Spaceflight Insider

Russia to launch Spektr-RG astrophysics observatory in 2016-2017


eROSITA. Photo Credit: Max-Planck-Institut

Russian aerospace company NPO Lavochkin has revealed that the Russian-German space observatory Spektr-RG, being built under the leadership of the Russian Space Research Institute (IKI ), is taking shape. At present, mission planners are hoping to be able to launch the spacecraft sometime between the end of 2016 or beginning of 2017. 

“The mission is expected to be launched at the end of 2016 or beginning of 2017,” the company said in a statement, after a meeting of designers and manufacturers who participated in the development of the space-based observatory.

The Spektr-RG astrophysics observatory includes five telescopes spanning the spectrum range from the far ultraviolet to the hard X-ray, making the craft an all-sky monitor. The observatory will study interplanetary magnetic fields, galaxies, as well as more exotic objects such as black holes. The spacecraft will focus its highly-sensitive instruments on a dedicated region of the sky and perform follow-up pointed observations of selected targets. The satellite will be based on Lavochkin’s Navigator bus.

The payload of Spektr-RG was ultimately whittled down to two instruments: eROSITA (Extended Röntgen Survey with an Imaging Telescope Array ) Wolter telescope provided by the Max Planck Institute for Extraterrestrial Physics (Germany) and ART-XC Coded-mask telescope built by IKI/VNIIEF (Russian Federal Nuclear Centre).

Artist's rendering of Spektr-RG. Image Credit: NPO Lavochkin

Artist’s rendering of Spektr-RG. Image Credit: NPO Lavochkin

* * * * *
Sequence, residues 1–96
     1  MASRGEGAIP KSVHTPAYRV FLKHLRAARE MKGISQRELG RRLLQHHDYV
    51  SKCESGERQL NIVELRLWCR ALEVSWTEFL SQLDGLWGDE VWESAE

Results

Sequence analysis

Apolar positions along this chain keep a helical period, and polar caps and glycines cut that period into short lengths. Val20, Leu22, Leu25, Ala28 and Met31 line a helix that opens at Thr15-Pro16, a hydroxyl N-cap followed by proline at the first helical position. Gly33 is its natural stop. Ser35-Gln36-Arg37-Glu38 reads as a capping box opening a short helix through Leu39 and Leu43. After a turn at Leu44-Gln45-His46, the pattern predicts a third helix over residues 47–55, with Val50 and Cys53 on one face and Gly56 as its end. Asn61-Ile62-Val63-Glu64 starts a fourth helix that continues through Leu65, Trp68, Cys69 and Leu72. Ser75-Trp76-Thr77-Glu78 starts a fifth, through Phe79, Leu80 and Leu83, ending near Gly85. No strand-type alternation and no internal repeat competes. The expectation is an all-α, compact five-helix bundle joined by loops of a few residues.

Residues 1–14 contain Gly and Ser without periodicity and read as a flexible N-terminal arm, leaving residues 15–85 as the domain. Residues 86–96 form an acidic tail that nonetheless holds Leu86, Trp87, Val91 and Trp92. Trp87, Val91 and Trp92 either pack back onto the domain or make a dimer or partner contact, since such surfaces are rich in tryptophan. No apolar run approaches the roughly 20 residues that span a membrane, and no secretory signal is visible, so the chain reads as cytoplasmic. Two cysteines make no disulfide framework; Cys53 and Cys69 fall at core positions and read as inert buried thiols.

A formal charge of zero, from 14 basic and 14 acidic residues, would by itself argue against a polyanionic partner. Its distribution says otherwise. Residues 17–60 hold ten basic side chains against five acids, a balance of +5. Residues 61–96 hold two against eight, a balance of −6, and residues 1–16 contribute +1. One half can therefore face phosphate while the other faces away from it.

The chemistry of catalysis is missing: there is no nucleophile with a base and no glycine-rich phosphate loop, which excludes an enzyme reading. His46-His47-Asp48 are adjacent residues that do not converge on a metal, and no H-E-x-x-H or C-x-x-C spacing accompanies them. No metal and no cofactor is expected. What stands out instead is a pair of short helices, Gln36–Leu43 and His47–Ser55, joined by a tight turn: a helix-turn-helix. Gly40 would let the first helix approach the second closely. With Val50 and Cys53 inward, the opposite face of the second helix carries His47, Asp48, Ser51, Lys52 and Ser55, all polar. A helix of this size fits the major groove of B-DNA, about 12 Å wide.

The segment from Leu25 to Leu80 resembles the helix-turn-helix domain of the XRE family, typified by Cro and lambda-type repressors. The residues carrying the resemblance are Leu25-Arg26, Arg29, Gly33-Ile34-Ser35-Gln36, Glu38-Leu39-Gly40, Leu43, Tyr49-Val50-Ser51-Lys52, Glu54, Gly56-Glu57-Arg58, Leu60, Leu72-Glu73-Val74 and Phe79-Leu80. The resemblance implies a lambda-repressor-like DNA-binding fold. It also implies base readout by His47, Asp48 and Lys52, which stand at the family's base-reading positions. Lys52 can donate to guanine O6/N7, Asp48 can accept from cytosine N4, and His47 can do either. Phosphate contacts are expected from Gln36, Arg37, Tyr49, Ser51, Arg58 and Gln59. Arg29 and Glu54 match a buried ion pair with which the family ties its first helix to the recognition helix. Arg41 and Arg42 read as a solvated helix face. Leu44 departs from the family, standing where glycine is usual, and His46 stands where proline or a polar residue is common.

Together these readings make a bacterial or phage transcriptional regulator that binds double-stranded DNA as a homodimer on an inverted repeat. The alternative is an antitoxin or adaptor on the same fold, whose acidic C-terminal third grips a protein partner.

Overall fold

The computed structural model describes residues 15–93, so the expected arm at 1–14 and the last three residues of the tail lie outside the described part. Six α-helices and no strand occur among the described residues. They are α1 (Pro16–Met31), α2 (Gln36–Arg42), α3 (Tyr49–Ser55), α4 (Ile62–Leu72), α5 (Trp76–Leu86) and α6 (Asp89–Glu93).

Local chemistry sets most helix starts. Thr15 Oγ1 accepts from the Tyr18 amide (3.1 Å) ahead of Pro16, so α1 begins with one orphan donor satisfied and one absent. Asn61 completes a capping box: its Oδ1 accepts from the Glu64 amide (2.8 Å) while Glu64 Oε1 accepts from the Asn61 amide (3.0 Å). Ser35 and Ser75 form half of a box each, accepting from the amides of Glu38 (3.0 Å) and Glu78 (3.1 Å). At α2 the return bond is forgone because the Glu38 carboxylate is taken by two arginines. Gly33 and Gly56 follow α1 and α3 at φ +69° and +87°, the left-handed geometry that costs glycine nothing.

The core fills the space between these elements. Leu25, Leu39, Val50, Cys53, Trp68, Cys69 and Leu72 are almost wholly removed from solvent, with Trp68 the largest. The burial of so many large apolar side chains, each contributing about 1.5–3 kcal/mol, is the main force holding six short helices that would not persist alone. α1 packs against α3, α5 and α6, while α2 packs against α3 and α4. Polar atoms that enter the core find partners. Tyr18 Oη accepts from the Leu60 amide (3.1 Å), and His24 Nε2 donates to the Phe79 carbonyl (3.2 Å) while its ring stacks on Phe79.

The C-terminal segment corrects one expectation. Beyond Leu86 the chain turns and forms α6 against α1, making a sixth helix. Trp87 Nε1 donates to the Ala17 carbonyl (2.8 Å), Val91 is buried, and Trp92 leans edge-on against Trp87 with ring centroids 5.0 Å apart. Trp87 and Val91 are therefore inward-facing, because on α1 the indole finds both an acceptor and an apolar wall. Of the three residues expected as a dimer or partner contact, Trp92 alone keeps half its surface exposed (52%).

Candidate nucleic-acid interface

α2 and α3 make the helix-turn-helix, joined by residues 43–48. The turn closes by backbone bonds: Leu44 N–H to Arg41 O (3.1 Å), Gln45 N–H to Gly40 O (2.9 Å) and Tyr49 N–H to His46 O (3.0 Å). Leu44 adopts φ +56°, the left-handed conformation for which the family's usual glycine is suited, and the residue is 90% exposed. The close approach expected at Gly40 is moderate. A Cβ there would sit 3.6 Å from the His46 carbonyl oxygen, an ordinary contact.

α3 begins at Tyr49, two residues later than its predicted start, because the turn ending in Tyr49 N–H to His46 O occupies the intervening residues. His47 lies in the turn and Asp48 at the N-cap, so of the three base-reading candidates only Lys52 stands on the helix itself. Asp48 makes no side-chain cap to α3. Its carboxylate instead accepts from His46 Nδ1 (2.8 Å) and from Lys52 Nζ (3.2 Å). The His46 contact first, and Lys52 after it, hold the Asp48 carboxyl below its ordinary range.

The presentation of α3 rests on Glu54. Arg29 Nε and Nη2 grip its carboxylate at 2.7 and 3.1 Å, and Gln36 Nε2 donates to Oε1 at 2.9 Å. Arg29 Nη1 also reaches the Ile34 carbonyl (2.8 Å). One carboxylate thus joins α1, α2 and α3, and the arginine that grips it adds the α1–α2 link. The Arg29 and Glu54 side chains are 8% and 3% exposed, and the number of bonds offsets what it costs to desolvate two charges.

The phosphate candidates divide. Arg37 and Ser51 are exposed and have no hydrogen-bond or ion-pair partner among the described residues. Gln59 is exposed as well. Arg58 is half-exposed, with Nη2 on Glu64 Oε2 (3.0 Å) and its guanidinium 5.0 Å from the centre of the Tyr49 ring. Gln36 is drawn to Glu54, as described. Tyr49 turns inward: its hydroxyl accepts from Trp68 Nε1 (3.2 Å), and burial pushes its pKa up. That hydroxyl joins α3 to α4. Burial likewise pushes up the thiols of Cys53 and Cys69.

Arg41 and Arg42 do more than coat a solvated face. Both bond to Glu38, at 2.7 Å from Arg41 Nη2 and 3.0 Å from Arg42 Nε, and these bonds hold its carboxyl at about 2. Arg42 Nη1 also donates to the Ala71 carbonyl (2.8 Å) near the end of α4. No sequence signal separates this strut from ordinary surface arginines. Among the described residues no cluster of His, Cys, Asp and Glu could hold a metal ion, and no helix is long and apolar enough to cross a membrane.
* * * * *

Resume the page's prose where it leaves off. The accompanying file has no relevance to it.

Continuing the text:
The 5,291 lbs (2,400 kg) observatory is expected to be launched on a Zenit-SB rocket with Fregat or Fregat-SB upper stage from Baikonur Cosmodrome in Kazakhstan. The spacecraft will be put in a halo orbit around the Lagrange point L-2. Spektr-RG is expected to function until 2024. It will need around three months to reach its final destination, where it is expected to spend at least four years circling L-2 in a 25,855 mile (40,000-kilometer) ellipse on a mission to conduct a global survey of the sky. The mission’s three following years would be spent observing particular objects. If successful, the Spektr-RG would likely be the first Russian spacecraft reaching any of the Lagrange points.

L-2 would be an ideal spot for the observatory. This particular patch of the celestial “neighborhood” provides “quiet” gravitational and magnetic conditions for the satellite without many disturbances and no traces of thin air slowing down the spacecraft in the low-Earth orbit (LEO).

The development of the mission started in 2005. It is a revived, redesigned version of the earlier Spektr-RG (SXG) mission that was cancelled in 2002. The launch date of Spektr-RG has already been postponed several times. The original plan was to launch the satellite in 2012, onboard the Soyuz-2/Fregat booster.

On the Russian side, the biggest obstacle causing delays was presented by an X-band radio communications system for the spacecraft. NPO Lavochkin was considering switching from a movable high-gain antenna on the spacecraft to a less-capable medium-gain antenna.

In Germany, developers hit a major problem during the integration of around 60 circuit boards with up to 30,000 individual components on the eROSITA telescope. The delivery of flight versions of German eROSITA and ART-XC telescopes was set for July-October 2015.

Once it is sent to orbit, the Spektr-RG observatory will be another Spektr-class space observatory. The successful launch of the project’s first spacecraft (Spektr-R) was made on July 18, 2011.



Tomasz Nowakowski is the owner of Astro Watch, one of the premier astronomy and science-related blogs on the internet. Nowakowski reached out to SpaceFlight Insider in an effort to have the two space-related websites collaborate. Nowakowski's generous offer was gratefully received with the two organizations now working to better relay important developments as they pertain to space exploration.

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